10 Incredibly Dark Comedies That Dare You To Laugh

9. Harold And Maude (1971)

Harold (Bud Cort) is a death-obsessed young man who regularly stages his own suicide (see above) and, as a hobby, enjoys going to strangers' funerals. Maude (Ruth Gordon) is a septuagenarian free spirit who lives in a converted railway carriage and, as a hobby, also enjoys attending funerals. Naturally, it is here that the two meet - and an unlikely relationship is formed. Despite Maude's joie de vivre proving just the cure for Harold's morbid outlook, his mother (Vivian Pickles), annoyed by Harold's incessant attention-seeking, is determined to find him a wife. However, taking the disastrous first date to its extreme, Harold has a variety of escape plans: seppuku, self-immolation, slicing off his hand... Needless to say, his prospective partners don't call back. Although the film can be a little preachy in places, and its final scenes seem to send a mixed message, Hal Ashby's second feature has lost precious little of its ability to shock. Darkest Comedy Moment: Although Harold appears to 'die' around eight times in the film, the scene in which he points a shotgun at his mother, who is too busy filling out a dating service survey on his behalf to notice, before turning it on himself is surely the most awkward.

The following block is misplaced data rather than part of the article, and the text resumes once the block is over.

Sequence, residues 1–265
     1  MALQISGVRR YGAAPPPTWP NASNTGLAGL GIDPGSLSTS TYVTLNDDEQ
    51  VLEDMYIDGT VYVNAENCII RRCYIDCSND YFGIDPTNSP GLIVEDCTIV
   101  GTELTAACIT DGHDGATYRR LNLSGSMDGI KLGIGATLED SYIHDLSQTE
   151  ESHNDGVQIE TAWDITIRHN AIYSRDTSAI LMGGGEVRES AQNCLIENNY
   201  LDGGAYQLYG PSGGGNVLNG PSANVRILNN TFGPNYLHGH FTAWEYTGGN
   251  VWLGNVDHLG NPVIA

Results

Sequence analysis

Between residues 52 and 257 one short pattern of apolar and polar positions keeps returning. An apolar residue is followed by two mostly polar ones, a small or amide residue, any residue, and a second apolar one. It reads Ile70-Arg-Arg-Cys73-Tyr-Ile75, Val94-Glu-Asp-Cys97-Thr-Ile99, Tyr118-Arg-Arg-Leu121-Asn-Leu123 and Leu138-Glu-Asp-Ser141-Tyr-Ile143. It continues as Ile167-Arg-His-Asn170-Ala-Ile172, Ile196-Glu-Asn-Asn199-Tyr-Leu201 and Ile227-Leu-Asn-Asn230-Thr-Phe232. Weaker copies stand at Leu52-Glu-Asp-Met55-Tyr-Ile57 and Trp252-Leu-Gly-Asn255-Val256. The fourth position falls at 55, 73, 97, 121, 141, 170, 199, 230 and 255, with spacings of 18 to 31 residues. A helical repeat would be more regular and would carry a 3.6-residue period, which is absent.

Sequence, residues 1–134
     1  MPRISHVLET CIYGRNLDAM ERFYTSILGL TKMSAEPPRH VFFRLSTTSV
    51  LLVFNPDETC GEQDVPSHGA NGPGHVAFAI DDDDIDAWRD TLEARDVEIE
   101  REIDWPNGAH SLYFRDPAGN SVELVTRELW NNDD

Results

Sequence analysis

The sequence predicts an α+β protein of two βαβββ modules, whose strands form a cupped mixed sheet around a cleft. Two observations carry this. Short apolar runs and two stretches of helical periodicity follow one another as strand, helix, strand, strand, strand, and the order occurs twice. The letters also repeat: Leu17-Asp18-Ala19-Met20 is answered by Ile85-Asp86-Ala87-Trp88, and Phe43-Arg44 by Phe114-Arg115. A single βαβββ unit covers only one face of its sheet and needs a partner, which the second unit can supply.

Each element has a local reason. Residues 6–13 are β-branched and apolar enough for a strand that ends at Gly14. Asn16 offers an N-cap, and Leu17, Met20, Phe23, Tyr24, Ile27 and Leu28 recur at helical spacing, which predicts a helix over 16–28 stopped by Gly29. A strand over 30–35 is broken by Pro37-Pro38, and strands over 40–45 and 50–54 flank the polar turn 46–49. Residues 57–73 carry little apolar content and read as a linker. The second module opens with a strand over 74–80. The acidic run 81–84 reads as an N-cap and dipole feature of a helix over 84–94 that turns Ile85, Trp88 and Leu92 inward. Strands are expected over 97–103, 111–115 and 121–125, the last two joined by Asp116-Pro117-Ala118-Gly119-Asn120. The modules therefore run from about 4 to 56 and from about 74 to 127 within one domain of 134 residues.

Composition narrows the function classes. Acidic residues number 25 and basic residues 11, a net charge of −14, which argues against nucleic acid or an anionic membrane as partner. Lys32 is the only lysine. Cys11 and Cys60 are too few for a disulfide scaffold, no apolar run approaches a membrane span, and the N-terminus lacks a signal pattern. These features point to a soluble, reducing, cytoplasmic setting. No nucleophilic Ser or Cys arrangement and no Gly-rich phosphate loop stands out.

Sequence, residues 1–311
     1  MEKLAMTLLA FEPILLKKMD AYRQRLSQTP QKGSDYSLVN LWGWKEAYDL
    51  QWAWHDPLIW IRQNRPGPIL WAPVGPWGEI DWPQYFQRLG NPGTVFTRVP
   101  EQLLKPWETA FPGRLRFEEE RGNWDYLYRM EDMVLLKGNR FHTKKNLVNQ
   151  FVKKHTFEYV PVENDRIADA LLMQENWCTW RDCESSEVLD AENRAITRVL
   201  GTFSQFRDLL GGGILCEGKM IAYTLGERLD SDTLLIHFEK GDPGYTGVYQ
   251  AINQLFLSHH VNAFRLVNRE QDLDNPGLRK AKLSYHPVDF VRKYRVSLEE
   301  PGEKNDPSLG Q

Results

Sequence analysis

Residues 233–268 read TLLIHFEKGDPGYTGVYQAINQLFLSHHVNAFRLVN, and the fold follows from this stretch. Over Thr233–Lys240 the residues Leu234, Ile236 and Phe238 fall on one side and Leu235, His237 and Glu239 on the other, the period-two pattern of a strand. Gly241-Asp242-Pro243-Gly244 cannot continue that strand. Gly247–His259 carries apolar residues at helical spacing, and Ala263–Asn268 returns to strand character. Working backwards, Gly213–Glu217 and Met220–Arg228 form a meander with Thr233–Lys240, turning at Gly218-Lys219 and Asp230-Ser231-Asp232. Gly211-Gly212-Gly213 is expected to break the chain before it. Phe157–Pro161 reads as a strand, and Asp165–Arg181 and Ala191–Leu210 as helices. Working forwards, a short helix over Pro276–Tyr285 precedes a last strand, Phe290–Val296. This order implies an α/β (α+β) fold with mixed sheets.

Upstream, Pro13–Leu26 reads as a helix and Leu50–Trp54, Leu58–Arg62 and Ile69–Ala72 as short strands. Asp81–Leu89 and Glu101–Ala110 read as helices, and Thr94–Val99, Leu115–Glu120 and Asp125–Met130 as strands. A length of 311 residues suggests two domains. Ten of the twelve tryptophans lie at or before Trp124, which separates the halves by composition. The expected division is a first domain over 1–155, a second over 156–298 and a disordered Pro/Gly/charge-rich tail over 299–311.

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Yorkshireman (hence the surname). Often spotted sacrificing sleep and sanity for the annual Leeds International Film Festival. For a sample of (fairly) recent film reviews, please visit whatsnottoblog.wordpress.com.